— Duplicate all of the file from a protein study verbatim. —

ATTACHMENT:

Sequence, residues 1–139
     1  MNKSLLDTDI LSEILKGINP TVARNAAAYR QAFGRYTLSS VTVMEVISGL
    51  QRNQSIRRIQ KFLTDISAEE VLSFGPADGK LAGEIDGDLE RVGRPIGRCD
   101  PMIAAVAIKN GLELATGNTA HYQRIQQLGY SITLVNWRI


Sequence, residues 1–139
     1  MNKSLLDTDI LSEILKGINP TVARNAAAYR QAFGRYTLSS VTVMEVISGL
    51  QRNQSIRRIQ KFLTDISAEE VLSFGPADGK LAGEIDGDLE RVGRPIGRCD
   101  PMIAAVAIKN GLELATGNTA HYQRIQQLGY SITLVNWRI